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Resource Toolkit

Welcome to the Resource Toolkit!

This Resource Toolkit includes lived experience stories, expert information, tips and services to empower, enable and facilitate the inclusion of people with a hand difference and their families.

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Finding Out

Whether you’re an expecting or new parent, it is normal for you to feel a range of emotions from joy to anxiety. When you first find out that your baby has a hand difference, you may feel shocked, sad, guilty, grief-stricken, angry or embarrassed. Feeling this way is normal.

As you prepare to welcome your child into your family and community, it’s a good time to reach out. Connecting with parents in similar situations, support groups and health professionals can help you gain knowledge and tools to make informed decisions and be confident in raising your baby.

 

Telling Others

You are probably wondering what is the best way and when is the right time to share the news of your baby’s hand difference with your family, friends and acquaintances. You might like to tell close family and friends first, people you know who will support you unconditionally.

This is an entirely personal decision. Many parents find that they need time to process their own feelings before they tell others. Take your time and do not feel the pressure to stick to a specific timeline.

 

Getting Connected

Getting Connected is about finding the right support network to help provide you with confidence, peace of mind and ideas about caring for your little one.

After Finding Out about your child’s hand difference, it is possible that you were given many referrals. Many parents find this overwhelming, especially parents having their first baby.

Here is a list of health professionals and support that other parents have found useful when making decisions.

 

Starting School

Whether transitioning to childcare, kindergarten, school or high school you may have many questions about how to prepare your child, what you can do to help them adapt and prepare their teachers.

Starting primary school is a significant milestone in your child’s life. For children with hand a difference and their parents, it can be a time full of questions and uncertainty.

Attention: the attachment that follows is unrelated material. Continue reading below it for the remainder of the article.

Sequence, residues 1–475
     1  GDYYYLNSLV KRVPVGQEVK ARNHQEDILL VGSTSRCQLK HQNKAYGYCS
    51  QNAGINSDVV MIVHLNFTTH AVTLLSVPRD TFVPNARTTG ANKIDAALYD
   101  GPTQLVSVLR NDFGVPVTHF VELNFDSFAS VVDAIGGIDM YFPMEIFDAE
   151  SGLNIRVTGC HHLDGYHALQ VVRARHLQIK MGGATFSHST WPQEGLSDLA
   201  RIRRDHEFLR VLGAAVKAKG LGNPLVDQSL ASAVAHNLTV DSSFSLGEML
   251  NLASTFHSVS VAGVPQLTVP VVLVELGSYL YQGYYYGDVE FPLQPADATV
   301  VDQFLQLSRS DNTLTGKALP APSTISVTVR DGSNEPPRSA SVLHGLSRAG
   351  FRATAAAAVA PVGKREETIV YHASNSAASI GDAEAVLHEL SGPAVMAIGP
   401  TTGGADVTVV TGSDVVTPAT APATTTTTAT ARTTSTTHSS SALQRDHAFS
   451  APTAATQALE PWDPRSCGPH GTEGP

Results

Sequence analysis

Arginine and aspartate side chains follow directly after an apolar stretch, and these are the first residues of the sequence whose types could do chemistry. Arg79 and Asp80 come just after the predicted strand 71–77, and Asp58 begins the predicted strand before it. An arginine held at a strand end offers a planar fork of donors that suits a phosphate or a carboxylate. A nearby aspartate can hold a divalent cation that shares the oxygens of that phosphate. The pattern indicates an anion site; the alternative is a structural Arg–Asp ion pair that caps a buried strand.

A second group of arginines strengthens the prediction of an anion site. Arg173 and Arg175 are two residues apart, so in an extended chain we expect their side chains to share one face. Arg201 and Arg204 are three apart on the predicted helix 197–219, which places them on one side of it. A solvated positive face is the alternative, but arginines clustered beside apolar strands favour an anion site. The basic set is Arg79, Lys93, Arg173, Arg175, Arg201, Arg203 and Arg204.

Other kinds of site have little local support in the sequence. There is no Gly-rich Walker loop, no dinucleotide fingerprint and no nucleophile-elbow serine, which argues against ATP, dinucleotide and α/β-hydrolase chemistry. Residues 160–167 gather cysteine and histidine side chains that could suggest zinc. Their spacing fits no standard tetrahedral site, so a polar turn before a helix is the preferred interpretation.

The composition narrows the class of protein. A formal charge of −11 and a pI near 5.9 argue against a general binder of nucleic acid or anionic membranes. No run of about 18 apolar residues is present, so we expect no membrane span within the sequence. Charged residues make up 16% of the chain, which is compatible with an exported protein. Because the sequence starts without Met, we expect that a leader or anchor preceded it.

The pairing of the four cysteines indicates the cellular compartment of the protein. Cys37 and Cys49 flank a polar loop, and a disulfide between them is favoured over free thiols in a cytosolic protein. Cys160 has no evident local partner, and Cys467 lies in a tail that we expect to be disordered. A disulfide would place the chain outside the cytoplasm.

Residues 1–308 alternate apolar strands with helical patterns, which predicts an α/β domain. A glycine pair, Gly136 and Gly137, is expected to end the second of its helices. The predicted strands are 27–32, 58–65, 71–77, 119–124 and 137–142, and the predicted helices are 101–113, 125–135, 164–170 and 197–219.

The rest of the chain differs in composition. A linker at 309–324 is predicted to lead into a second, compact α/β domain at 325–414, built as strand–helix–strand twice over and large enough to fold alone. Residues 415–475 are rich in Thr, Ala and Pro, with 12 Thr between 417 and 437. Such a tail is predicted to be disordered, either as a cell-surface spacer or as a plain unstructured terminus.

Find out more

 

Making Friends

As your child enters school you may be thinking about what skills you can equip them with to build their confidence and in turn make friends and participate in extracurricular activities.

As children get older, they may develop new feelings about their hand difference so having access to role models and connections with other Aussie Hands families may help build their self-confidence.

Find out more

 

Self Care

Your child will naturally want to become more independent as they reach kindergarten and school. They will want to show that they can do everyday tasks like tying shoelaces, managing buttons and zips, tying hair, brushing teeth and eating independently.

Many parents say their child is adaptable and resilient, they find their own way of doing things.  Some parents have found that occupational therapy, a prosthesis or assistive devices have helped their child gain independence.

Find out more

Feeling Good

Being a teenager and starting high school is an exciting time. You will experience new things, make new friends and probably want to learn new skills and hobbies. 

But it is normal to have days when you may not feel 100% positive about yourself. When that happens, it can be helpful to know that you have the capability to achieve your goals and there are strategies to boost your confidence. It can also be super helpful to see other people achieving their goals  – if they can do it, so can you!

Find out more

 

Role Models

‘You need to see it to be it.’ Seeing others succeed in study and their careers can help you start to set goals and create your future.

As you’re heading towards becoming a young adult, it’s good to think about what you would like to achieve and then surround yourself with people who can support or positively influence you.

Role models enable you to see what others are doing, especially when you think you couldn’t do certain study or work. They also show that everyone defines success differently and encourage you to go for it!

Find out more

 

Life Skills

As a teenager, you have exciting times with new opportunities ahead, like going for your first job, planning further study, and even learning to drive.

As you prepare for these great moments in life, you may feel concerned about being judged and how others may perceive your abilities.

So, it’s also a good time to develop your job interview and career discussions skills, giving you more confidence to reach your goals. 

Find out more

About our Sponsor

The Aussie Hands Resource Toolkit was made possible by the NDIA ILC Individual Capacity Building Program – an Australian Government initiative.